To the Editor:

The 2019 novel severe acute respiratory syndrome coronavirus (SARS-CoV-2) and its associated disease, coronavirus disease 2019 (COVID-19), have resulted in a global pandemic and caused significant morbidity and mortality.1  The American Society of Echocardiography (Durham, North Carolina) released a statement adjudicating the use of personal protective equipment for all echocardiographic procedures. Special attention was given for transesophageal echocardiograms (TEE) which “carry a heightened risk of spread of the SARS-CoV-2 since they can provoke aerosolization of a large amount of virus.”2,3  The concern for potential aerosolization and provider contamination during the performance of TEE has led our institution to define all TEEs, even in the presence of an endotracheal tube managed airway, as an aerosol-generating procedure. This is in part because of the risk of small particle generation occurring during the procedure but also because of concerns over cross contamination of the probe, operator, echo machine, and surrounding surfaces with oropharyngeal secretions which are known to contain the virus.4  As such, full COVID-19 personal protective equipment consisting of an N95 respirator, face shield, gown, and two layers of gloves was mandated for all staff involved in the performance of TEE.

To reduce the risk of both aerosolization and provider/environmental contamination, we devised a sheathing system using two preexisting commercially available products seen in figure 1A. As demonstrated in figure 1B, a CIV-Flex 8.9 cm × 91.5 cm Transducer Cover (CIVCO, USA) probe cover is combined with a Blox 54 FR Endoscopic Bite Block (EndoChoice, Inc., USA) to create a freely sliding barrier which still allows the imager to position the TEE probe normally, then engage the bite block to the patient’s mouth and secure it around the head with the included elastic strap. Note that the distal end of the sheathing system is open to allow the probe to advance past the bite block with one of the included rubber bands holding the components together (fig. 1C) and the proximal extent of the sheath extending to the 1-meter mark (fig. 1D). The second rubber band is folded three times and secured around the proximal end of the sheath to keep it from moving. Step-by-step assembly instructions are demonstrated in Supplemental Digital Content, video 1 (http://links.lww.com/ALN/C390). This way, the combination of a secured airway via an endotracheal tube and a fully enclosed TEE sheath, we have converted our TEE procedure categorization from a high-risk aerosol-generating procedure to a low-risk procedure, removing the need for use of N95 masks. This simple and easily generalizable modification preserves scarce personal protective equipment resources5  and reduces the risk of contamination by the provider to oneself or the environment.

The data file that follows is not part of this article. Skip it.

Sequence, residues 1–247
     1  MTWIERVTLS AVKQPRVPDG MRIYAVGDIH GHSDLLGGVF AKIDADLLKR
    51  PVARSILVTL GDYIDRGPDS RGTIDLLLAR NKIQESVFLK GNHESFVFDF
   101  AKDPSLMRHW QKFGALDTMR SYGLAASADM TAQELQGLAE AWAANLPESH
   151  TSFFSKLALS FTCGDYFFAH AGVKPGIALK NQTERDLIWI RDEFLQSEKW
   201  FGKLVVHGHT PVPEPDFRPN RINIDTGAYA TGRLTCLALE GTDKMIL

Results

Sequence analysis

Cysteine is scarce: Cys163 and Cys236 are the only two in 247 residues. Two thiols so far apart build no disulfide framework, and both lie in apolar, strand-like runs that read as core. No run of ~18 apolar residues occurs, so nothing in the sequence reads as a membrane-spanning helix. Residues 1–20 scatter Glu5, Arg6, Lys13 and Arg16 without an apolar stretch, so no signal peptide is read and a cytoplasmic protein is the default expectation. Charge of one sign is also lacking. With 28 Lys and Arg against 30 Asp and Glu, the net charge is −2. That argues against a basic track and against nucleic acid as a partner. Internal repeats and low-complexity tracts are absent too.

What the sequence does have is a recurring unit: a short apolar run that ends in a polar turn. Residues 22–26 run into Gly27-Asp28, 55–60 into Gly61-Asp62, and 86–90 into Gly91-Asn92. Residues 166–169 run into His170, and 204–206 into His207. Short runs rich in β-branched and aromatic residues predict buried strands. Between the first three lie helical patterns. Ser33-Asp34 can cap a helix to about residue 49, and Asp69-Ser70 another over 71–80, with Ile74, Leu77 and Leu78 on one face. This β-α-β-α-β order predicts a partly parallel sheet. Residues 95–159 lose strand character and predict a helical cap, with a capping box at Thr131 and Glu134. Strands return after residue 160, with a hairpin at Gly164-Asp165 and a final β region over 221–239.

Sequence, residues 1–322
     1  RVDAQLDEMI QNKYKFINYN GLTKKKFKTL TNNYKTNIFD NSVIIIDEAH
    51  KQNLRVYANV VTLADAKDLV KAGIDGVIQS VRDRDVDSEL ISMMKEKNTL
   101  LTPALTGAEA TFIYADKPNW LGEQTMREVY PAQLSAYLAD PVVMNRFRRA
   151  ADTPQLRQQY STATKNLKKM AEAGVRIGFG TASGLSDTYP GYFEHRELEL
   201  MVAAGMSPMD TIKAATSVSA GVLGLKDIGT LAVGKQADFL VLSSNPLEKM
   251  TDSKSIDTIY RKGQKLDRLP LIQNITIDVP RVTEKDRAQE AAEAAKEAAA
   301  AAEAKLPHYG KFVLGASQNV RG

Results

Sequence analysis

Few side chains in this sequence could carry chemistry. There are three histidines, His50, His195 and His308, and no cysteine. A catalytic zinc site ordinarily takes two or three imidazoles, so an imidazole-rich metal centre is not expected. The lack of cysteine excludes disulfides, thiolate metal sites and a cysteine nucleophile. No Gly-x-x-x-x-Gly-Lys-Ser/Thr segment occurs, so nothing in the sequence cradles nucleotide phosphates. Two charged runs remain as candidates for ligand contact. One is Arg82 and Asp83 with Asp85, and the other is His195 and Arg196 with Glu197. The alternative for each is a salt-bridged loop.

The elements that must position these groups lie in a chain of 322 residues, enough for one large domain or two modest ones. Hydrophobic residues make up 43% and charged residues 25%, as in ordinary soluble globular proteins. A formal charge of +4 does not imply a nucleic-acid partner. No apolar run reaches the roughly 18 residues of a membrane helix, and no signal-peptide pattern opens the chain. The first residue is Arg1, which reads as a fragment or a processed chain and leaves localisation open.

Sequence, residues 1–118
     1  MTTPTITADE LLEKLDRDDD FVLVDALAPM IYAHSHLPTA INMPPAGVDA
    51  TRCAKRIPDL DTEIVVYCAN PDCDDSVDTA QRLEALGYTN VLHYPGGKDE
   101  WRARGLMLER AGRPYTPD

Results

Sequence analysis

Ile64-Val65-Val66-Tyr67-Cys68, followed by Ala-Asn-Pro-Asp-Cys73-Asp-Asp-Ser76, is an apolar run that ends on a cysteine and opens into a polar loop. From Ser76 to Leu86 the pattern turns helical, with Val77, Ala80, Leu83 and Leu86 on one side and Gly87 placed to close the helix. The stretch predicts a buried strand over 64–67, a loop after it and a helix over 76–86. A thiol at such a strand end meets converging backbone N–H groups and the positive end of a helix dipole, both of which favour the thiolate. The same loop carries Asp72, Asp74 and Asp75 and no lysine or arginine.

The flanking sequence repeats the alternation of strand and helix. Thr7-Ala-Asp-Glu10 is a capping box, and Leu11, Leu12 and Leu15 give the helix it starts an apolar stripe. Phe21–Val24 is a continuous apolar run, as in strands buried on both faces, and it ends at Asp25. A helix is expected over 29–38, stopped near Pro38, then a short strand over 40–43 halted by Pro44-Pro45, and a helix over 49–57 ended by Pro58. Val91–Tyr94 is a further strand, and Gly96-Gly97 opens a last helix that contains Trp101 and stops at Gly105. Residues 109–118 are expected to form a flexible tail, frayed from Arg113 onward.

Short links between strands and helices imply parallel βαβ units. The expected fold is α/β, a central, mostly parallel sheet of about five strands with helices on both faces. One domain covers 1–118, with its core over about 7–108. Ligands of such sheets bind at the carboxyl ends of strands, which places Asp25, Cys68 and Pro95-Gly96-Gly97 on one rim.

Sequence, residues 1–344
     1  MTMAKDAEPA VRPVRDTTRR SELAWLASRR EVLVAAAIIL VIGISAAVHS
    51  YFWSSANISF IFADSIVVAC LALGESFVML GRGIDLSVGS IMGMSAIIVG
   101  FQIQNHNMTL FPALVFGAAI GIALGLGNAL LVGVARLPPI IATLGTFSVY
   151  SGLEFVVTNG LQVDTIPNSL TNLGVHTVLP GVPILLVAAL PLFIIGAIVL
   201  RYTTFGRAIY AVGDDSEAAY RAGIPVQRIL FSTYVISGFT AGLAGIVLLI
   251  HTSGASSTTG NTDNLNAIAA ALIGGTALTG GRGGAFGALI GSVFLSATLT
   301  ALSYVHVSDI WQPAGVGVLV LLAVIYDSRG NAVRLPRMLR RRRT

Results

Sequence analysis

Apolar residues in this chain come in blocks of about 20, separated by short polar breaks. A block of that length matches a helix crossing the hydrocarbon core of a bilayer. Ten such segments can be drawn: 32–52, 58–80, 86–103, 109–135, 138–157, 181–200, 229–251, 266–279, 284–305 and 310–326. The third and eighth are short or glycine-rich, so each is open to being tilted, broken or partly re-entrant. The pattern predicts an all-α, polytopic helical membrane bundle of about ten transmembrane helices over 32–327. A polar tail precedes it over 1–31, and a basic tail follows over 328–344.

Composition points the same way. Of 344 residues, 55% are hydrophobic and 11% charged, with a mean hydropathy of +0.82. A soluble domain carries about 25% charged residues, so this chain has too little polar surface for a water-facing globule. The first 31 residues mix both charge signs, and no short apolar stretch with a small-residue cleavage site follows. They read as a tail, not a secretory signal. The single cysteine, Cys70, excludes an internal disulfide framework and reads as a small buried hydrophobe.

Fig. 1.

(A) Transesophageal echocardiogram probe clean sheath assembled. (B) Required components for the assembly of the sheath: bite block, probe cover with rubber bands, and scissors. (C) Detail of the distal end of the sheath demonstrating the probe cover and rubber band arrangement. (D) Detail of the proximal end showing the rubber band holding the cover to the probe near the 1 meter mark.

Fig. 1.

(A) Transesophageal echocardiogram probe clean sheath assembled. (B) Required components for the assembly of the sheath: bite block, probe cover with rubber bands, and scissors. (C) Detail of the distal end of the sheath demonstrating the probe cover and rubber band arrangement. (D) Detail of the proximal end showing the rubber band holding the cover to the probe near the 1 meter mark.

Although use of a TEE probe cover has been previously described,6  it does not eliminate contamination when the cover is moved within the oropharynx and the esophagus. The sheath design herein described maintains a noncontaminated surface for the echocardiographer to grasp when manipulating the TEE probe. In addition to mitigating the risk that SARS-CoV-2 poses to both patients and providers, we believe that this inexpensive adjustment to practice will reduce both unnecessary personal protective equipment usage and risk for contamination.

Research Support

Support was provided solely from institutional and/or departmental sources.

Competing Interests

Dr. Cawcutt was paid an honorarium for the creation of educational materials by the Society of Healthcare Epidemiology of America (Arlington, Virginia) and is a paid medical writer for The Clorox Company (Oakland, California). The other authors declare no competing interests.

References

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